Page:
Tuesday, February 24, 2009

Reconstructing the Past

Some of you may have noticed that Ketina mentioned that our next story, "Marco Polo" (aka "A Journey to Cathay"), will be watched as a "Reconstruction." I thought that I should write up a post to explain what the heck we're talking about.

As most Doctor Who fans know, there are 108 episodes of the show that are still missing from the BBC archives. More information on the subject (including why the episodes are missing) can be found here. What's important for our purposes is that wonderful, dedicated, crazy fans in the 1960s and 1970s (before the era of inexpensive home video) wanted to experience the show they'd seen again and again. Since there were no reruns (with only a couple of exceptions), their only real recourse was to record each week to audiotape. So, even though we may only have clips or stills of missing episodes--and not even that much for some of them--we also have a full soundtrack (of varying quality) for each one. In addition to these audio recordings, many episodes have associated telesnaps, pictures taken from the television by photographer John Cura, mainly for promotional purposes. Sometime in the late 1980s or early 1990s (sources vary), some enterprising fans thought to combine the fan-circulated audio with the newly emerging telesnaps, using video technology to sync the photos with the soundtrack and attempt to "reconstruct" the missing episode, often including what small amount of actual footage that had been recovered and captions to describe missing action that wasn't well conveyed by the soundtrack. As the years have gone on, the technology has improved and the sophistication and ambition of the fans has improved along with it. There are reconstructions that use computer constructed composite photos from many sources for episodes without telesnaps available. (Telesnaps for most of the Hartnell stories are lost, if they ever existed, as well as those for scattered Troughton episodes.) They've used CGI to add more moving images. They've even filmed new scenes that are reconstructed from old pictures, camera scripts, etc. All in all, these are remarkable fan efforts, from the most primative telesnap "recon" to the most sophisticated. It is these Reconstructions that will allow us to complete the TARDIS Project, and enable us to to see episodes and stories of the show we love that we have never been able to see in any other form.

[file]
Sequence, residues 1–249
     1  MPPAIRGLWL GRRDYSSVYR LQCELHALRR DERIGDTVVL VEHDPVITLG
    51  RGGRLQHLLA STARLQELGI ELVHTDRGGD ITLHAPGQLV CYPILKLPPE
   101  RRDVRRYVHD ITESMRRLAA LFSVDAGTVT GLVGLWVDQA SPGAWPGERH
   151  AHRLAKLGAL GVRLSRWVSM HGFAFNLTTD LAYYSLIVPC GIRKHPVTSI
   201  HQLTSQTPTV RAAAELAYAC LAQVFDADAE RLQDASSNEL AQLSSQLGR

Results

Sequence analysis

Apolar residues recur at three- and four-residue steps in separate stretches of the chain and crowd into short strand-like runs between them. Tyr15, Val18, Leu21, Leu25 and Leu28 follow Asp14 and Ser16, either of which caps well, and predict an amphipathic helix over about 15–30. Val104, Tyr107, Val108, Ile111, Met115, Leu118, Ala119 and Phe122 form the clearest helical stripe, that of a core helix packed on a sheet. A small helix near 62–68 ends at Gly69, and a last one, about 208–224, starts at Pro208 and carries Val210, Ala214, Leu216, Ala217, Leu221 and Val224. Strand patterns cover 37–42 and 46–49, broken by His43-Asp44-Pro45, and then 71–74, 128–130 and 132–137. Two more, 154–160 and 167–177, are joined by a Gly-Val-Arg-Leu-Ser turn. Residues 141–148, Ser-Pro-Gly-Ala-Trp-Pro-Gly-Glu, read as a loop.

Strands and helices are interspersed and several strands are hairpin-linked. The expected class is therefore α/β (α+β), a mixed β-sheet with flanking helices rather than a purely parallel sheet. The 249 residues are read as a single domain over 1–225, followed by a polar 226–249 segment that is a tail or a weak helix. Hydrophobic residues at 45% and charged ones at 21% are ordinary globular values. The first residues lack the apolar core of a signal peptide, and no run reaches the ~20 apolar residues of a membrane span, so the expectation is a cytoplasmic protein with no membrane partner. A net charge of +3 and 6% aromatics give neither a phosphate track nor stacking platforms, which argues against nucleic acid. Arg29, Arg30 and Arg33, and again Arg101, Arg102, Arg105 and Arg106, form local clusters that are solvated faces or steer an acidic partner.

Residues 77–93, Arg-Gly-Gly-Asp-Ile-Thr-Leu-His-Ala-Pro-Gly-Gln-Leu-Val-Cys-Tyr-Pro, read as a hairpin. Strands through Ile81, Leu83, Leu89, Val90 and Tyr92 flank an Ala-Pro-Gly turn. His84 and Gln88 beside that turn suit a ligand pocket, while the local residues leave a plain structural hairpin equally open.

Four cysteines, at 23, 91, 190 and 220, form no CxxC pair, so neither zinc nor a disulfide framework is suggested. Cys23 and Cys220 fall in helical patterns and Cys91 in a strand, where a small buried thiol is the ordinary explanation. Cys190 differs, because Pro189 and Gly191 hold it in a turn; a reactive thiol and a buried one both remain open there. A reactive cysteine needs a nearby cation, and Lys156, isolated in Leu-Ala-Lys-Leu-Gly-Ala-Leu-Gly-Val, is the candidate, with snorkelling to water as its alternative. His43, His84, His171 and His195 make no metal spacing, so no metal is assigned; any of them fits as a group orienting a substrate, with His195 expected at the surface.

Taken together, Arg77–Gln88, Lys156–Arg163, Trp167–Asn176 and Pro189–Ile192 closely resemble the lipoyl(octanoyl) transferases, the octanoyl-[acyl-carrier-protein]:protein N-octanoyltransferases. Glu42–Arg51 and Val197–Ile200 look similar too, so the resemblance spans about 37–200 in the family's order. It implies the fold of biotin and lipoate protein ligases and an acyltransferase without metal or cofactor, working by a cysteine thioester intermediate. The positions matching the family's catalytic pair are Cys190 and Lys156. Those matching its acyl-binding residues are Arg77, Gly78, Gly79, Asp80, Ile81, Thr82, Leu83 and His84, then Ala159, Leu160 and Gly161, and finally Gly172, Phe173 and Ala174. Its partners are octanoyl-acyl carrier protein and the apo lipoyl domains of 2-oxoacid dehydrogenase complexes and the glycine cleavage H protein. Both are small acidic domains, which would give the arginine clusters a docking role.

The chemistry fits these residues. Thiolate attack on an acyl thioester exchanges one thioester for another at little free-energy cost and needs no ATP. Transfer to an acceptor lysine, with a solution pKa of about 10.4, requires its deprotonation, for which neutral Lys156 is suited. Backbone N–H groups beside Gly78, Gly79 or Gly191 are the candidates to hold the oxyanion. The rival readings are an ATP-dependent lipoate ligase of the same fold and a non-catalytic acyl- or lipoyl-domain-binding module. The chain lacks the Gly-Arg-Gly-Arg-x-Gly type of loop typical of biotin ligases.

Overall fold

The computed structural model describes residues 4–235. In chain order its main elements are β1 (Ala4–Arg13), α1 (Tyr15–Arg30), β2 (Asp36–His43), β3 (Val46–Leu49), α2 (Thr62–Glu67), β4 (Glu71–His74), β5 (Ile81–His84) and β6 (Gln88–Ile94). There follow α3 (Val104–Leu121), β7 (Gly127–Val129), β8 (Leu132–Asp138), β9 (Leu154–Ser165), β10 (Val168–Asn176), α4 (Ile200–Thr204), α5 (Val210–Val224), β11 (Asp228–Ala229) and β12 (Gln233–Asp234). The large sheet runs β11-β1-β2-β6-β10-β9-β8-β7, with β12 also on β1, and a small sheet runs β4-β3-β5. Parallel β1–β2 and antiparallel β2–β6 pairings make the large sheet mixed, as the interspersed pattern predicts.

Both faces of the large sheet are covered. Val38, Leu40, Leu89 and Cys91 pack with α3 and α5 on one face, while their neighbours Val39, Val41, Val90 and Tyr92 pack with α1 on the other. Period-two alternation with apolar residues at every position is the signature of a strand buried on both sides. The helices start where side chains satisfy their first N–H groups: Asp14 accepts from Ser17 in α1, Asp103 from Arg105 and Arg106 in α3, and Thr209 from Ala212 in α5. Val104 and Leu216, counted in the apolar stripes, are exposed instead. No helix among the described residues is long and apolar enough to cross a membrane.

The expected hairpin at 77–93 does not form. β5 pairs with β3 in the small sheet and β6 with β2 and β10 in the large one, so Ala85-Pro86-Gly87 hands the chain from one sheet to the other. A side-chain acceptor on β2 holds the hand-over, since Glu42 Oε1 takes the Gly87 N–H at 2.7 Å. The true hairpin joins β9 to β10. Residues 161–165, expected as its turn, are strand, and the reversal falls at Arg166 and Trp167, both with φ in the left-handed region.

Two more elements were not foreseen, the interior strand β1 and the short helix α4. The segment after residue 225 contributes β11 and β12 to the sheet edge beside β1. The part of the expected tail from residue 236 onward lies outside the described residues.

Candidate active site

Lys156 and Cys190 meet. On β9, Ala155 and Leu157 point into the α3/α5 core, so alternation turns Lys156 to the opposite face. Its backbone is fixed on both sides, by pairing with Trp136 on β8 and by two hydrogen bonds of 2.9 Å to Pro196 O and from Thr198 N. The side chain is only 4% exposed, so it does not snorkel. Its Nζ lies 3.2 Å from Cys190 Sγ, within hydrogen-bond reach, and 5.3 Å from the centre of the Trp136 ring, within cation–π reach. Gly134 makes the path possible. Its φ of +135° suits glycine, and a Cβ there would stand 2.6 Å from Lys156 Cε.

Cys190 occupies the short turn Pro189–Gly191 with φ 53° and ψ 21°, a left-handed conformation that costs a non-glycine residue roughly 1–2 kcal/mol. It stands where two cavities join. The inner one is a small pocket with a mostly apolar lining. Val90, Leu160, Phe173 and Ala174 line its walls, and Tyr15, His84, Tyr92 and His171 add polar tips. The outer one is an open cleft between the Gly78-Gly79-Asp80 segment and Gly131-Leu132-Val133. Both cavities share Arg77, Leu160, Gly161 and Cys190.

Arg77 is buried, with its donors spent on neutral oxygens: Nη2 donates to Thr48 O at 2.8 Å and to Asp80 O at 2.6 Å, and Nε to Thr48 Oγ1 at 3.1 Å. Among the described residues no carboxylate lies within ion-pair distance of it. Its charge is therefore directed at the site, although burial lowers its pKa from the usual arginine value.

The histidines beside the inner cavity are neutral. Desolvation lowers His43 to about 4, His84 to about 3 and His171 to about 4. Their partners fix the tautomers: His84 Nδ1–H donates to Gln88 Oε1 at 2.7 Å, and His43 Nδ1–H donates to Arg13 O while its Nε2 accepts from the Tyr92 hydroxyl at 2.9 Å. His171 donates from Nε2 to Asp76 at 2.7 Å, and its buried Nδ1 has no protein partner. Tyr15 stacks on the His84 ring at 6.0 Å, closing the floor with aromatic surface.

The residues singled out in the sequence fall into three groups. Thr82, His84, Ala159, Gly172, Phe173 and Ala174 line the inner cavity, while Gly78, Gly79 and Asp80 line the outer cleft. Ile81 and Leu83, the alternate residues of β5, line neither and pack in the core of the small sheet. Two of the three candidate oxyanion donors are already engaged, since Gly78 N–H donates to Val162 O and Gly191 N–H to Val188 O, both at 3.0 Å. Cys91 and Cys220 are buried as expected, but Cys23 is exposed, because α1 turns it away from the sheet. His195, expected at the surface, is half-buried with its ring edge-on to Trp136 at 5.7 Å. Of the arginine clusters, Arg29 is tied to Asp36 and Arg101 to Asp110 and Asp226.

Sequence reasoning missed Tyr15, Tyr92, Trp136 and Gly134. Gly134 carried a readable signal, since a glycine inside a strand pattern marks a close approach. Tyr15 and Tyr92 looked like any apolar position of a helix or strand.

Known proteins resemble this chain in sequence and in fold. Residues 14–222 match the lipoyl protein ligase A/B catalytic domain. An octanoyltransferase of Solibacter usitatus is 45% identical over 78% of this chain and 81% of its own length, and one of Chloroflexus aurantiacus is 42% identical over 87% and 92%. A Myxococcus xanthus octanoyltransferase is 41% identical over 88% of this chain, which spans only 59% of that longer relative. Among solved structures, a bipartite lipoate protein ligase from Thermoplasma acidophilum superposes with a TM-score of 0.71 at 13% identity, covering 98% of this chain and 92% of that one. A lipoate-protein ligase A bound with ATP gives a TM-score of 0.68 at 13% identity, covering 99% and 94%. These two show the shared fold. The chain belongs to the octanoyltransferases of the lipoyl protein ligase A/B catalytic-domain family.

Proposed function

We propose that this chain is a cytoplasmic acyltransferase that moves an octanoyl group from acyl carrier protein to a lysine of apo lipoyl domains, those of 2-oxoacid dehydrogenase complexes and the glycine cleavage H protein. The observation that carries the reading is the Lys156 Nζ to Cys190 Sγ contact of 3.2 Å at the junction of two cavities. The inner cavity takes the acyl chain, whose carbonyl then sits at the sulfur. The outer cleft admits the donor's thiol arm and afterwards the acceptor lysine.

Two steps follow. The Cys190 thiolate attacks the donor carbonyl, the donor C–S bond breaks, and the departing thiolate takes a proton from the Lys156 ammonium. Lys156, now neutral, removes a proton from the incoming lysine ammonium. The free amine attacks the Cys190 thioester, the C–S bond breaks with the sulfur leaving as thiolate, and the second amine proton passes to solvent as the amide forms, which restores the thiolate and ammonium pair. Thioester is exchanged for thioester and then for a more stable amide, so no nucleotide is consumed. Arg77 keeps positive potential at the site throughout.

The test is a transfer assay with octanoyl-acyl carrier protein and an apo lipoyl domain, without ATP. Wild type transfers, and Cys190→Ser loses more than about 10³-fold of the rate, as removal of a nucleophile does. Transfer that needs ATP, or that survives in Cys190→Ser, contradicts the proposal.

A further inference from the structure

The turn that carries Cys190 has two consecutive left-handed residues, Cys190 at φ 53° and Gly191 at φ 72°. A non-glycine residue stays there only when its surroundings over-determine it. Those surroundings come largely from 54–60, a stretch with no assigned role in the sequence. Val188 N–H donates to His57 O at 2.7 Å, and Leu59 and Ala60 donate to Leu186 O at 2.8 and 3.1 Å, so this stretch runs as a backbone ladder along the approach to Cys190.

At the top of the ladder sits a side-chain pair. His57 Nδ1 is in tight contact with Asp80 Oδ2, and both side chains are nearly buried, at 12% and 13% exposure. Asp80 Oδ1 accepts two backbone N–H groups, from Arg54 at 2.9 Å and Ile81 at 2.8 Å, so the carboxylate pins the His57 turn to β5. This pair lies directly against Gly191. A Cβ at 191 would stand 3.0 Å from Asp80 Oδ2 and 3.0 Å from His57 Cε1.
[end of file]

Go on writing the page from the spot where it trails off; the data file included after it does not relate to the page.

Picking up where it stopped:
There are only two stories in the first season of Doctor Who that are not complete in the archive, the seven episode "Marco Polo" and the six episode "The Reign of Terror." We begin the former this weekend, so I thought I should go over a few "ground rules." Although these recons are the best we are going to get (at least until more episodes are hope-against-hopefully found), watching them is obviously not the same as watching the original production. It may be much harder to get a true idea of the pacing, given that the majority of what we will be seeing (as opposed, of course, to what we will be hearing) will be still photographs. To supplement this, I plan on linking each week to the episode's transcript on the Doctor Who Script Project site. I certainly recommend checking each week's script out if you'd like to follow along! Most of the recons we'll be watching were produced by Loose Cannon Productions and I also very much recommend ordering some free (you provide the VHS tapes and the shipping) recons from them. They do fine work and I'm planning on enjoying watching every single one of their efforts, from the earliest to the most recent ("Evil of the Daleks" as of this writing, though there will be newer ones by the time we get to season four!). In fact, there are only two stories LC has yet to produce recons for, "The Web of Fear" and "The Wheel in Space." I'm not sure where I'll get those from, but I'll worry about that in a year or two!

As a discerning reader can tell, I'm sure, I am very excited about diving into the Reconstructions. Sure, they can be static (and that is a significant problem Ketina has had with the ones she's seen), but the fun of the originals show through in the sound, the dialogue, the pictures. And this is classic Doctor Who that I've never seen before...and it's difficult to get more exciting than that! So, join us for our first reconstructed episode this weekend! I can't wait! But, until then, I remain


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